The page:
Gunmen Recalled as Outcasts
Washington Post Staff Writer
Wednesday, April 21, 1999; Page A1
The shooters who turned Columbine High School into an unspeakable landscape of carnage yesterday were members of a small clique of outcasts who always wore black trench coats and spent their entire adolescence deep inside the morose subculture of Gothic fantasy, their fellow students said.
Students at the Colorado school said the gunmen, whom police say may have turned their weapons on themselves after killing as many as 25 of their schoolmates and teachers, were a constant target of derision for at least four years.
"They're basically outcasts, Gothic people," said Peter Maher, a junior who had a confrontation last July 4 with the shooters and several of their fellow members of the "Trench Coat Mafia," the black-clad teenagers' name for their clique. "They're into anarchy. They're white supremacists and they're into Nostradamus stuff and Doomsday."
Several students said the shooters – whose names were withheld by police but who are believed to have graduated from Columbine last year – were deeply into death – talking, reading and dreaming about it.
Black trench coats are a consistent theme in the Gothic subculture that has attracted many teenagers to the poetry, music and costumes of a scene that ranges from benign fantasy to violent reality.
Inspired by fantasy games such as Dungeons and Dragons, Gothic has become a fascination of many American high schoolers, some of whom simply dress and paint their fingernails black while others immerse themselves in a pseudo-medieval world of dark images.
On Web sites featuring poetry called "The Written Work of the Trenchcoat" and in political tracts and other elements of the conspiratorial imagination, trench coats serve as a symbol for things from Hitler and the Nazis to mass murder to suicidal fantasies. Yesterday was Hitler's birthday, an occasion for demonstrations, mock funerals and other macabre commemorations among both neo-Nazis and parts of the Gothic scene.
When the young men started shooting yesterday, tenth-grader Mindy Pollock was in the school parking lot. She saw two shooters firing their guns repeatedly, and she watched as her fellow students dropped to the pavement.
She said she couldn't believe it was real, especially since she had once before seen this same boy pull a gun on some of her friends. "The one with the handgun today pulled a shotgun on my friends once. He said he was sick of being made fun of," she said. "He said, 'I'll shoot you, I'll shoot you.'" Pollock said her friends tried to calm the boy and then ran from him.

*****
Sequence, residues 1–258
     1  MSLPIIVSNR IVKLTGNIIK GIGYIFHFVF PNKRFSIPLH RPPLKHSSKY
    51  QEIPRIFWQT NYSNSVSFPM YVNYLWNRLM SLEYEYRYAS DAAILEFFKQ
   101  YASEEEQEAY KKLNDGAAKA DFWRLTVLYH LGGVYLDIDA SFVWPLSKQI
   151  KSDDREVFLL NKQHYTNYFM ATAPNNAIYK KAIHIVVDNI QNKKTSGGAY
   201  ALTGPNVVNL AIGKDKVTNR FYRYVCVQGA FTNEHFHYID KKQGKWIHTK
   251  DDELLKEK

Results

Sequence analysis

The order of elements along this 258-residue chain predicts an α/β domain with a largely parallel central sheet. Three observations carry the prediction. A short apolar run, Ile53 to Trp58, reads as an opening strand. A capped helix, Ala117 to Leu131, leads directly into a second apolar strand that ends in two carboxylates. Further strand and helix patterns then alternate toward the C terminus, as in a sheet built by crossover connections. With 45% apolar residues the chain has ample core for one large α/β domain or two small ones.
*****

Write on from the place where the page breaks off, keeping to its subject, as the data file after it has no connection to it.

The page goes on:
Maher and two of his friends were at a fireworks stand in Littleton July 4 when the Trench Coat Mafia boys approached them and said they had a shotgun. Maher and his friends saw no gun, but the trench coat boys did pull knives and tried to fight with the others. Maher said he and his friends had had no previous contact with the boys in black.
"We didn't want to fight, so we talked to them for a while and then we just got out of there," Maher said.
Several students described the Trench Coat Mafia members in similar terms: They wore their trench coats every day, no matter the weather, even in class. Under the coats, they dressed in black from head to toe – military berets, T-shirts, jeans, combat boots. Red shoelaces and the occasional Confederate flag patch were the only departure from the dark theme.
"They were kind of the freaks of the school," said Kendra Curry, a senior.
Pollock and other students described the Trench Coat Mafia as a group of perhaps six to ten students who were constantly being ribbed by the school's athletes and other, more popular cliques.
"The athletes and stuff are really popular," Pollock said. "They make fun of me all the time because I wear bell-bottoms and I'm a little hippy girl. And they'd make fun of the Trench Coat Mafia. They'd say, 'White trash,' and 'Why don't you comb your hair?' and 'Are you Gothic, man?' and 'You need some new clothes.' Just stupid teenage stuff."
Maher, too, said athletes at Columbine routinely teased the trench-coated students, muttering "Goth" every time they passed one another in the hallways.
Students said the Gothic look appeals only to a tiny minority of young people in the Denver suburb. "They kind of stay by themselves," said junior Evan Vitale. "They always have the neo-Nazi look, so we were talking about them and Hitler's birthday even before the shooting started. Everybody knew it was Hitler's birthday."
On one such Web site, a skeleton dances over a raging inferno and the words "The Trenchcoat." Below, a poem called "Death of a Jester" includes these lines:
"There will be no performance today/There will be no curtain call/He can no longer perform for you/So witness the grandest spectacle of all/It's a one night engagement/So make your way to the front row/It's the death of a jester/It's one dead man's show.
"There are no mourners today/Only spectators at the scene/Relishing in this bizarre event . . . /He died from no acclaim/I heard his dying words/As his final breath he gave/He wanted to be taken seriously/Now he's taken to the grave."
© Copyright 1999 The Washington Post Company